In January 2020, something momentous happened: Women outnumbered men in the paid workforce. Feminists cheered, and some economists predicted that the demographic shift would be permanent.
Then the pandemic changed everything. In the first 10 months of the Covid crisis, women lost more than 5.4 million jobs. Men lost jobs in the pandemic too, but they recouped their losses. By early 2022, there were still a million fewer women in the workforce than there had been two years earlier.
“As the virus took its toll with all the closures, the first thing we saw was the number of hospitality workers who became unemployed,” says Felicia Davis Blakley, president & CEO of the Chicago Foundation for Women. Women are more likely than men to work in hospitality and service.
“Women were overwhelmingly hit in those closures, and particularly women of color,” Blakley explains.
While many women were let go, many others were forced to step out of jobs to stay home and care for kids and other loved ones.
“The predominant providers of unpaid caregiving in this country are women. Since the beginning of the pandemic, women’s need to take care of the health and wellness of their families and the educational needs of their young children has been in conflict with their need to provide economic security for their families and to participate in work,” Blakley says. Even with schools and daycares back in operation, women are still being called upon to put in more caregiving time than ever.
And it’s not just today’s paycheck that women miss out on when they are unable to participate in the workforce. Employment also provides access to better healthcare, and gives women security for their own retirement that they may not be able to rely upon from a partner. Businesses miss out as well, when they miss out on the ideas and perspective that women bring to the table.
That’s why CFW made “Get Women Back to Work” one of the four pillars of SHEcovery, an $11 million campaign to address Covid’s impact on women and girls. Along with the other priorities, “Address the Eviction Crisis,” “Care for Our Caregivers” and “Demand an Anti-Racist Healthcare System,” the employment push aims to support women in emerging from the pandemic stronger than before.
Both through the organization’s direct programs and via other nonprofits that CFW funds, SHEcovery is working to:
- Increase investments for women’s education and training
- Improve access to quality childcare
- Eliminate sub-minimum wages for tipped workers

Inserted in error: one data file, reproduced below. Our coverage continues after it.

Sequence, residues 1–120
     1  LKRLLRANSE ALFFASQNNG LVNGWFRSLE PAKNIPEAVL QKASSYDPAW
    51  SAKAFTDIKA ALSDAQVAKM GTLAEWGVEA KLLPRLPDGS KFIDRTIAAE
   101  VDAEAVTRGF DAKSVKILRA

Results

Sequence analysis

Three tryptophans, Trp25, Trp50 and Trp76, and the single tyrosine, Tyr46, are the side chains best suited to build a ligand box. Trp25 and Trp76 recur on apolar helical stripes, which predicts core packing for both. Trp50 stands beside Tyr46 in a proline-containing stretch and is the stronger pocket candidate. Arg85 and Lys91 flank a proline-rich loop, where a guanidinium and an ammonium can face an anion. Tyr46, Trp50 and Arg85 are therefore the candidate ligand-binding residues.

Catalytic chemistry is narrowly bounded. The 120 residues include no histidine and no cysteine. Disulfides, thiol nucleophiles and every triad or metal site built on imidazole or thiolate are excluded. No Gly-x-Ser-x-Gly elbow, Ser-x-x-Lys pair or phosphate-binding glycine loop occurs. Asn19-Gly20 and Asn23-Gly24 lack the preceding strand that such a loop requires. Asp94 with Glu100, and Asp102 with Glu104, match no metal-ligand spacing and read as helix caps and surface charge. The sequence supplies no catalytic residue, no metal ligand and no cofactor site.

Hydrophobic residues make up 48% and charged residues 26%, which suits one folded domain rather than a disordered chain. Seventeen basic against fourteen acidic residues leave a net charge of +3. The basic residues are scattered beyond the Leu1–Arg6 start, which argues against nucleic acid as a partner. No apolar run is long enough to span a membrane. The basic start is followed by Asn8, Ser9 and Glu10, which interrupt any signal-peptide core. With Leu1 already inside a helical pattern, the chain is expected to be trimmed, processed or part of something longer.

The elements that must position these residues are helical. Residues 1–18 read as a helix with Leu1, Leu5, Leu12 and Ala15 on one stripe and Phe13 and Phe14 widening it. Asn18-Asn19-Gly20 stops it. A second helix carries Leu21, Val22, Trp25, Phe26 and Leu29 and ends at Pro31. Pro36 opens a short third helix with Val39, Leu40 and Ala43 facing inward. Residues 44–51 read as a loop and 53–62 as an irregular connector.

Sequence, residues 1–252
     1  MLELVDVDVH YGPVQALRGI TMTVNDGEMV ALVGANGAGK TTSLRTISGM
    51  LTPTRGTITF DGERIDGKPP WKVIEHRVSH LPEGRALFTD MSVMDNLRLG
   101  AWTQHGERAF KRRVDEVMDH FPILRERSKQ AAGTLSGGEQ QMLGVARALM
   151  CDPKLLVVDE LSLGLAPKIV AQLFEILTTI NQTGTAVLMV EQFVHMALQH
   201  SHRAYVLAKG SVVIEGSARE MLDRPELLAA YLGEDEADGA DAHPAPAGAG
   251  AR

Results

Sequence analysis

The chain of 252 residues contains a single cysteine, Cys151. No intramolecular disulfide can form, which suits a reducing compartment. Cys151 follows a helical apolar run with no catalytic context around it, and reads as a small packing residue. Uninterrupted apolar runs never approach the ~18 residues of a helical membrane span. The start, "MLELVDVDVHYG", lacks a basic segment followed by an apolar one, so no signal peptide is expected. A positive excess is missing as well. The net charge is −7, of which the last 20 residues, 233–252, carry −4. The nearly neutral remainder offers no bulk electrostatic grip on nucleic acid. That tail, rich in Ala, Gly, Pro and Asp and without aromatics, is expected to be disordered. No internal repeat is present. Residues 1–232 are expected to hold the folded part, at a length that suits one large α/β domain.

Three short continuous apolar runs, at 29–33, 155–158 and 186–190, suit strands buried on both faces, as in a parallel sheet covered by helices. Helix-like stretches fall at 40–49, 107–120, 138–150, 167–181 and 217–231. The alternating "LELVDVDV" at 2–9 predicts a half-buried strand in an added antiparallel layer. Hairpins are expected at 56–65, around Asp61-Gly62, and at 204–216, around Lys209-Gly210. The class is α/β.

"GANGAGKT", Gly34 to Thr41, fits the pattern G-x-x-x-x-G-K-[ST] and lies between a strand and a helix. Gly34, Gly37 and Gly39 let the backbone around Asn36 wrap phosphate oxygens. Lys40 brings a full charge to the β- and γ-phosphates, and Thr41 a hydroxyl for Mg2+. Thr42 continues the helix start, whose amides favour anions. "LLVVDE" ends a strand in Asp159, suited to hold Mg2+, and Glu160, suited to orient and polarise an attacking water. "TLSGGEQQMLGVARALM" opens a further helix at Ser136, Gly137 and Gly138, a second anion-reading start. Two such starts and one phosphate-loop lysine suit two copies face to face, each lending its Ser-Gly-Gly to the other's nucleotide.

- Advocate for paid sick and family medical leave
CFW is far from the only Chicago organization fighting to reverse women’s waning workforce participation. A look at other efforts:
The Mom Project, a company that helps employers connect with underused talent, launched RISE, a program that helps women improve their career prospects with technical training as well as mentorship from executives, networking and job opportunities. RISE aims to address both COVID-related job losses and long standing social inequities.
The Mom Project also hosted The Comeback Virtual Summit to inspire and inform mothers looking to re-enter the workforce or step up their careers post-pandemic. Sessions — available on demand — include the “Super Mom Panel,” with advice on how to negotiate for conditions that empower parents to balance work and family life. One participant noted that companies are now more open to discussing work from home and hybrid arrangements than they were pre-pandemic.
Dress for Success Worldwide Central, the Chicago-based affiliate of the organization famous for helping women overcome obstacles to career success, has been fulfilling its mission throughout the pandemic, providing virtual styling and contactless suitings, virtual career coaching, networking and workshops, says director Wendy Wilkins.
“We are on the frontline of the relief and recovery efforts. We serve a diverse population of women, many of whom were already affected by under and unemployment, financial instability and domestic or cultural strife,” Wilkins says.
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Carrie Kirby spends a lot of time asking people about something they think about but rarely talk about: money. Her work on personal finance, business and technology has appeared in San Francisco Magazine, Consumers Digest, Wise Bread and more publications. Carrie’s most recent work about her other love, travel, appears in The Best Women’s Travel Writing: Volume 10. She lives on an island (Alameda) with her husband and three kids, and blogs about getting them all where they need to go without owning a car at carfreemom.com.